Airbus predicts need for 32,600 new aircraft over 20 years

Airbus predicts need for 32,600 new aircraft over 20 years

Airbus expects demand for almost 32,600 new passenger and freight aircraft over the next 20 years, spurred on by demand from the Asia-Pacific region.

The aircraft – 31,800 passenger and 800 freighters – would carry a value of $4.9 trillion, the European aerospace manufacturer predicted.

The update came in a market forecast released at the first day of the Paris Air Show as Airbus revealed a ramping up of production of its A350 XWB, rival to the Boeing 787 Dreamliner.

Airbus forecasts a trend towards higher capacity aircraft on long-haul and an increasingly wide range of regional and domestic sectors.

As a result, it expects the need for some 9,600 widebody passenger and freighter aircraft over the next 20 years, valued at $2.7 trillion. This represents 30% of all new aircraft deliveries and 55% by value.

The latest Airbus forecast sees a requirement for nearly 23,000 new single-aisle A320-type aircraft worth $2.2 trillion over the next 20 years, an increase of nearly 1,000 aircraft compared to its previous forecast, representing 70% of all new units and 45% of the value of all deliveries.

Passenger and freighter fleets will more than double from today’s 19,000 aircraft to 38,500 in the period. Some 13,100 aircraft will be replaced with more fuel efficient types.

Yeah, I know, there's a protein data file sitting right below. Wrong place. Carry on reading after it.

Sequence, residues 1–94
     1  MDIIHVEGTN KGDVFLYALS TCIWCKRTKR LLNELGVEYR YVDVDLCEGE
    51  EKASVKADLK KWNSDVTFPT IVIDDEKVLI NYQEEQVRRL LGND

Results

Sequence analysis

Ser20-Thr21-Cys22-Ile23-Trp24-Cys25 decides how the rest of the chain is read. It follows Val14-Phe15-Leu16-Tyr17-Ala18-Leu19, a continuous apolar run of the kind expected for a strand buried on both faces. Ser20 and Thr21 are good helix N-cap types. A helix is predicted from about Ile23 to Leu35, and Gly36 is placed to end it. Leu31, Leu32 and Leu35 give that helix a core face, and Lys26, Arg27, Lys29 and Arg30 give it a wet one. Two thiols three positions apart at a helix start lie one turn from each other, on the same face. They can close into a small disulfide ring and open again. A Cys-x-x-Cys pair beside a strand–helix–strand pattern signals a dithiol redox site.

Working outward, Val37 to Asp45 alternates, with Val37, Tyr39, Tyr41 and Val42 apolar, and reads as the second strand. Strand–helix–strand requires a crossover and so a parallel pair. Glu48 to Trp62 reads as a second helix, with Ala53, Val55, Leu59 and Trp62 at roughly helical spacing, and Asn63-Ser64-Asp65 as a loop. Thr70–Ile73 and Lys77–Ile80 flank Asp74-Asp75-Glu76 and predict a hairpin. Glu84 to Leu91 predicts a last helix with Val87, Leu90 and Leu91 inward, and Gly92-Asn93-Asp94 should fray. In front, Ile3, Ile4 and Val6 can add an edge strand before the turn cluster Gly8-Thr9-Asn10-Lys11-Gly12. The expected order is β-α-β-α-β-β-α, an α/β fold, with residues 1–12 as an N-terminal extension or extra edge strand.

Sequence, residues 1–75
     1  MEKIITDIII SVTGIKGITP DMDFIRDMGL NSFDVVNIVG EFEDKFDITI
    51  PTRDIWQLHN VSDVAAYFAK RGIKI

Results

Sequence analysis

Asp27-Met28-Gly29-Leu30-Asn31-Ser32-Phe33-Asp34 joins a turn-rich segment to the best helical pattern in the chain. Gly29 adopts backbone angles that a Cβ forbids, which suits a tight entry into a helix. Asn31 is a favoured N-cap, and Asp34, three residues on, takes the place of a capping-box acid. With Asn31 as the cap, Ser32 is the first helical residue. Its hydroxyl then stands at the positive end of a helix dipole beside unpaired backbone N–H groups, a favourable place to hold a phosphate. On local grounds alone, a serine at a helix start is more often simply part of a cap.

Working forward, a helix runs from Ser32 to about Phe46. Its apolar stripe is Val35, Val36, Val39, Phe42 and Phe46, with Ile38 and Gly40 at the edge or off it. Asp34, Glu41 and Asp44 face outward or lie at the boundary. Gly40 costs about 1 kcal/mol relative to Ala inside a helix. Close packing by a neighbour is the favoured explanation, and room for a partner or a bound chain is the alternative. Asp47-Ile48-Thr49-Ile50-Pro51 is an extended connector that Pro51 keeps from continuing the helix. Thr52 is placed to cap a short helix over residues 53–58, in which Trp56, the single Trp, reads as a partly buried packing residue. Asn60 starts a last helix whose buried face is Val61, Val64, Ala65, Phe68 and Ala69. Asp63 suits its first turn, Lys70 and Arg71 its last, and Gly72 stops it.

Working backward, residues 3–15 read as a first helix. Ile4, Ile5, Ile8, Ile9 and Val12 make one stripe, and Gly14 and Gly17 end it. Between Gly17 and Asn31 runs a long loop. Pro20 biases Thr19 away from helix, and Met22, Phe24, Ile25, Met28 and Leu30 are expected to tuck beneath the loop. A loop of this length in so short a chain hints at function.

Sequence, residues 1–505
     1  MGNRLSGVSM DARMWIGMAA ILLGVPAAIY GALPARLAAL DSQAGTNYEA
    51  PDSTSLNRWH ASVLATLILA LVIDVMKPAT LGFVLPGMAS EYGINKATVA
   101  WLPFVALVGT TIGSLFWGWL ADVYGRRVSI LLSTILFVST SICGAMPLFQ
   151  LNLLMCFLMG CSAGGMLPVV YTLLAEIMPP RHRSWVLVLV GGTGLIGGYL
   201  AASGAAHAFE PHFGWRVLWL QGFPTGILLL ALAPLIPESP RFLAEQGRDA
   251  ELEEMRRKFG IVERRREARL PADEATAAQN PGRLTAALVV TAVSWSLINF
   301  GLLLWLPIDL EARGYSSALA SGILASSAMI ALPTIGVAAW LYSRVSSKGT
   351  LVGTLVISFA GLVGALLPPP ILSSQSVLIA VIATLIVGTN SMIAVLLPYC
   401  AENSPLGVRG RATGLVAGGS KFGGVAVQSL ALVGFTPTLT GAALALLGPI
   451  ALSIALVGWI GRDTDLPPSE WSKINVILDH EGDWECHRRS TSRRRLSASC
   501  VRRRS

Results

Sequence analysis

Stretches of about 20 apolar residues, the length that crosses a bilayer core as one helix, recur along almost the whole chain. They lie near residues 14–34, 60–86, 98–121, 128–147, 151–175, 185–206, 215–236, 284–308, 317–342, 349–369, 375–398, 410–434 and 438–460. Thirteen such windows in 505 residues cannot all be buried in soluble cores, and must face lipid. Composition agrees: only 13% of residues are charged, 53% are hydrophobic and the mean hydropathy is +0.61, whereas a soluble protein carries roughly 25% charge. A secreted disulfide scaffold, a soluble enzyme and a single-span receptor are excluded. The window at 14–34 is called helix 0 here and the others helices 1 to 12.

Emerging economies, which collectively account for six billion people, are seen as the engines of worldwide traffic growth.

They will grow at 5.8% a year compared to more advanced economies, like those in Western Europe or North America, that are forecast to grow collectively at 3.8%, according to Airbus.

Economic growth rates in emerging economies such as China, India, Middle East, Africa and Latin America will exceed the world average. A knock on effect is that middle classes will double to almost 5 billion people.

In today’s emerging economies, a quarter of the population take one trip per year, and this will increase sharply to 74% by 2034. In advanced economies, such as North America, the tendency to travel will exceed two trips per year.

Airbus chief operating officer, customers, John Leahy, said: “Asia-Pacific will lead in world traffic by 2034 and China will be the world’s biggest aviation market within 10 years, and clearly Asia and emerging markets are the catalyst for strong air traffic growth.

“Today, we are ramping up production of the A350 XWB and we are studying further production rate increases beyond rate 50 for single aisle aircraft to meet the increasing demand for air transportation.”

Long-haul traffic will increasingly be between aviation mega-cities, rising from 90% (900,000 passengers a day) today to 95% (2.3 million passengers a day) by 2034.

Aviation mega-cities are seen as being centres of urbanisation and wealth creation and will increase from 47 to 91 cities by 2034 with 35% of World GDP centred there.

These mega cities are already well served and the existing route network will accommodate 70% of all traffic growth between now and 2034.

Global traffic growth has led to average aircraft size ‘growing’ by 46% since the 1980s with airlines selecting larger aircraft or up-sizing existing orders.

Larger aircraft like the A380 combined with higher load factors make the most efficient use of limited slots at airports such as Heathrow and contribute to rising passenger numbers without additional flights.


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